Agility and potential, however, are more difficult to assess and less likely to be developed in traditional talent development approaches. Forward-thinking CEOs and CHROs will work together to create development approaches that reward and develop these critical but nontraditional leadership attributes, including ethical reasoning, cultural dexterity and self-awareness, and boards will make sure talent development approaches are in place as part of succession planning. We have seen that a robust assessment of CEO potential can give boards the confidence that a succession candidate has the ability to grow, adapt and overcome gaps in experience to handle the strategic complexity of the CEO role.

Companies that do this best will incorporate what they learned about leadership from the pandemic into their succession planning and talent development processes, the director said. “These companies are saying the pandemic was not just a window into the characteristics that are needed in the case of a ‘100-year flood,’ but what is needed to lead in the world we're living in.”

The best CEOs are complemented by a diverse team of the right leaders to support their success and address gaps in their skills or knowledge. A robust succession plan — that starts early, casts a wide net and focuses on development — produces strong internal options for CEO succession but also accelerates the development of a broad set of leaders, many of whom will be critical to the new CEO’s success. Increasingly, boards should be thinking in terms of the ecosystem of supporting talent that will be critical to helping the organization succeed in its next phase.

Moreover, succession planning doesn’t end when the selection is made. Too many boards think their job is done when the next CEO is announced, but the first two years of a CEO’s tenure  are a critical opportunity to create a strong foundation that will bend the performance curve of the company over the CEO’s entire tenure, our CEO Life Cycle research has found.

Aligning on a strong onboarding plan, development support for the CEO — including top team effectiveness work — and a plan for the board to stay in sync with the CEO about expectations and performance will ensure the CEO has the necessary ecosystem to accelerate and thrive.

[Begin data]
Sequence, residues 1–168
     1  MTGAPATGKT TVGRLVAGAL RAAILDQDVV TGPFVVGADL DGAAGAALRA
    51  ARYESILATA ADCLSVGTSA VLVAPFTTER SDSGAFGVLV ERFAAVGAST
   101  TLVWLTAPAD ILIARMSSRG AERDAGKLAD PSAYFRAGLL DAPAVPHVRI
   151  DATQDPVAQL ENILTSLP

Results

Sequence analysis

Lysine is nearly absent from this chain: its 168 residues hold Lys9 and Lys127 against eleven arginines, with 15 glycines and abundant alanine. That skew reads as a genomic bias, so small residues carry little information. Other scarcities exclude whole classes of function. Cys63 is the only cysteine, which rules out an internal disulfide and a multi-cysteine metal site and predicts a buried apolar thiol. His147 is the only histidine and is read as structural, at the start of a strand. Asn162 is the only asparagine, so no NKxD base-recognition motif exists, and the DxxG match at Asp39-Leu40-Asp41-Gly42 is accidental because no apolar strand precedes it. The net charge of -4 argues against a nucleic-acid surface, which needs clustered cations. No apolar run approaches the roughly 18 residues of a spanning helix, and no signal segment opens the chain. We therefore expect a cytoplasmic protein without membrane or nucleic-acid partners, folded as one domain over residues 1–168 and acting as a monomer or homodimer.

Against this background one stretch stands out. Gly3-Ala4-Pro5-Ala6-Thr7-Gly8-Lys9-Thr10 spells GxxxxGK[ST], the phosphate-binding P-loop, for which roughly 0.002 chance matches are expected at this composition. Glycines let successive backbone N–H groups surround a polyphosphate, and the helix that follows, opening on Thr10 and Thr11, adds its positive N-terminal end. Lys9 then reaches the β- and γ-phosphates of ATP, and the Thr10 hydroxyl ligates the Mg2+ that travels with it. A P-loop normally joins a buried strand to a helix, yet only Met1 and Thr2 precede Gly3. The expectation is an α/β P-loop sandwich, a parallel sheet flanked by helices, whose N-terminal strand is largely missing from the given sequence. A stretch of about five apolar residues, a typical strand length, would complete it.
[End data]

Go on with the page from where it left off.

Hubert Joly, former CEO of Best Buy, went as far to say that succession planning should actually just be called development planning.

Viewing succession planning through a development lens mitigates a lot of the anxiety and perceived risks boards are concerned about when the topic of succession planning is raised.

Creating a succession planning process that both identifies a future successor and strengthens the overall leadership team requires boards and CEOs to start early and create a process that includes more than just the most likely successors. This includes looking more broadly for people with high potential earlier in their careers who could be contenders for the CEO role with the right development plans and interventions. Without a formal assessment process, some of these high-potential leaders could be overlooked — because of a language barrier or some other unconscious bias, for example, or because their current role is more limited in scope.

The first step is a thorough assessment of top leaders in the organization, even two or more levels down in the organization, to identify those who have the ability to stretch well beyond their current roles. These leaders tend to be highly adaptable, learning-oriented and able to navigate complexity and politicized situations. They have good judgment, even in situations they haven’t encountered before. Specialized assessment tools can provide this insight about leaders’ potential, but there are other indicators of individuals’ ability to go far, including the ability to connect, engage, and win hearts and minds of others.

Specific development plans and coaching accelerate executive development. The most effective development tool is an assignment to a new larger or more complex role along with specific, clear development goals and game plan for getting the most impact from the experience. Development goals might include leveraging their leadership impact, leading with purpose, communicating authentically, increasing their understanding of how boards work, building external networks and visibility, and shaping their agenda.

• • •

The CEO role is changing, and traditional succession planning approaches built around a single CEO profile and one view of the future of the business are insufficient for today’s dynamism. Going forward, best-in-class CEO succession planning will reflect multidimensional scenario planning and embrace robust talent development approaches that increase the diversity of the executive pipeline, produce more CEO options for the future, develop an ecosystem of top leaders who will be critical to the organization’s long-term success, and invest in early support of the eventual new CEO and top team.